One of the advantages of the DfE moving its statistical output to the central government web site is that it allows those looking for data about education to browse much more easily a much wider field than before. Now there is no longer any need to consult a range of web sites in the hope that there might be some data about education buried there.
Thus it was that I discovered in the figures on Trade Union membership issued earlier today that the education sector is now the most unionised of any occupational group covered by the government’s classification system. Those who want to delve into the data can find it at https://www.gov.uk/government/publications/trade-union-statistics-2012
Trade Union membership in the education sector includes not only teachers but also all other staff classified as working in the sector. In 2012, the education sector employed 11.7% of those covered by the survey, but accounted for 23.8% of trade union membership.
Across the education sector, although the percentage of employees in trade unions has declined from 55% in 1995 to 52% in 2012, the percentage of women in the sector in trade unions increased from 50.5% to 52.6% during the same period; the only sector to record an increase in female participation in trade unions during the whole period. This was a time in history when overall membership of trade unions declined, from 32.4% to 26% of workers, and more than halved in the financial and insurance activities sector, from 37.3% in 1995 to 15.9% in 2012.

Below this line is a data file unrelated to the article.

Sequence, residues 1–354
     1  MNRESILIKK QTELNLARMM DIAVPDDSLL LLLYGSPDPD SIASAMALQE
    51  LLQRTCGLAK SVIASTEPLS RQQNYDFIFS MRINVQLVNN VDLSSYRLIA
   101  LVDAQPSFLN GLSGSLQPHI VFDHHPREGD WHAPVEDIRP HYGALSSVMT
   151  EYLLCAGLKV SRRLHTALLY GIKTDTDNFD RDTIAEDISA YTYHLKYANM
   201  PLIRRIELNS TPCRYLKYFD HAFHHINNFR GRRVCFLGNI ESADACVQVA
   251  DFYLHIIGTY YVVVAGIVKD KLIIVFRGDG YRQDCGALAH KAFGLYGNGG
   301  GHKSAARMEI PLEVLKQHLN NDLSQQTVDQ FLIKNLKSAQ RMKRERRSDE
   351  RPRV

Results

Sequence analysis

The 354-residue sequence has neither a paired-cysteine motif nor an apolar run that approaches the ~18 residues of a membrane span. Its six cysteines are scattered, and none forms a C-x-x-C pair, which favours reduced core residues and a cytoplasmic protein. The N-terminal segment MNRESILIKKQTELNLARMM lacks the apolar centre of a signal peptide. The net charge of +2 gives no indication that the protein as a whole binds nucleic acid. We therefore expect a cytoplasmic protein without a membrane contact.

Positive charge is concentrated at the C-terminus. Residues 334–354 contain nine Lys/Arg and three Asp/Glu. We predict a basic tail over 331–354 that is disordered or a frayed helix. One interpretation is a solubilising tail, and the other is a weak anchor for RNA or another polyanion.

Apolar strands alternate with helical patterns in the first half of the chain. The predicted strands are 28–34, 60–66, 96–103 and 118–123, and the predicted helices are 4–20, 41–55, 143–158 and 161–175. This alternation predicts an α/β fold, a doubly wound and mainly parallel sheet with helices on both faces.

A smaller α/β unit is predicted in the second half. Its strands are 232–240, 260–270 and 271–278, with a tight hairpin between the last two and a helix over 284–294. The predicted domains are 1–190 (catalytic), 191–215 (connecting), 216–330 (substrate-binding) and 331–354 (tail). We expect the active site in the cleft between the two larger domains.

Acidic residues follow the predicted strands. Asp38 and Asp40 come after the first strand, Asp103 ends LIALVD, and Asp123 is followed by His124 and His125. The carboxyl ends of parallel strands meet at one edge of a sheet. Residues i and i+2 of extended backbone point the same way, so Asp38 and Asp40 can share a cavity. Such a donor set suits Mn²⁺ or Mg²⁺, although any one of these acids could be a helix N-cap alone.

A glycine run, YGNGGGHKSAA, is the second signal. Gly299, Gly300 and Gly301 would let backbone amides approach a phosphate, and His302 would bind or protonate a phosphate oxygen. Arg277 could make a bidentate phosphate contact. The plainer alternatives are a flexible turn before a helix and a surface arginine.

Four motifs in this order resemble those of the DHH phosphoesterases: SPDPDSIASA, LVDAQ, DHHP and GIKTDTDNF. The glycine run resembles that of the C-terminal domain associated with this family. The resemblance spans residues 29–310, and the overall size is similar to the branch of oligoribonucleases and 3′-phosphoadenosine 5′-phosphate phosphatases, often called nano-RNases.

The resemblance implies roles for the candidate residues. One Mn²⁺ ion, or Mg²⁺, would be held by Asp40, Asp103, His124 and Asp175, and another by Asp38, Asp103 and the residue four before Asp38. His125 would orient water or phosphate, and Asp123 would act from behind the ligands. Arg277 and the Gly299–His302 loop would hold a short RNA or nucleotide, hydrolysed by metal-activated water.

In the education sector there were just over 1,000,000 trade union members in 1995; by 2012, membership numbers had increased to more than 1.5 million, no doubt partly due to the increase in teaching assistants and other support staff employed in the sector during the past decade. Union membership is strongest amongst full-time, and female workers, and those with permanent posts, although the education sector has the second highest degree of union membership among part-time workers.
England has the lowest percentage trade union membership in the education sector, at 50.3%; compared with 58.8% in Wales; 61.1% in Scotland; and 68.1% in Northern Ireland. Sadly, there is no table to show whether the present Secretary of State in England has inspired an increase in membership across England since 2010. However, there are regional differences across England, with Yorkshire and the Humber having the highest level of membership at 62.4% overall, including more than 69% of full-time staff, and the South East the lowest, at 44.7%. Apart from London, where the percentage membership is 50.7%, membership percentages are higher in the northern regions and lower in the midlands and south of England.
In England, at least among teachers, there will be a big test for trade unions this year with the introduction of what amounts to pay bargaining at a local level for the first time in almost a hundred years for many teachers. Whether it is largely ignored by schools who stick to national ‘guidelines’ or becomes a real bone of contention will become apparent over the next twelve months.
What is clear is that the public sector unions, and those representing workers at all levels in the education sector, now account for a significant proportion of trade unionists. At an earlier piece on this blog showed, a survey last year didn’t always find the teacher members as in favour of action as their leaders.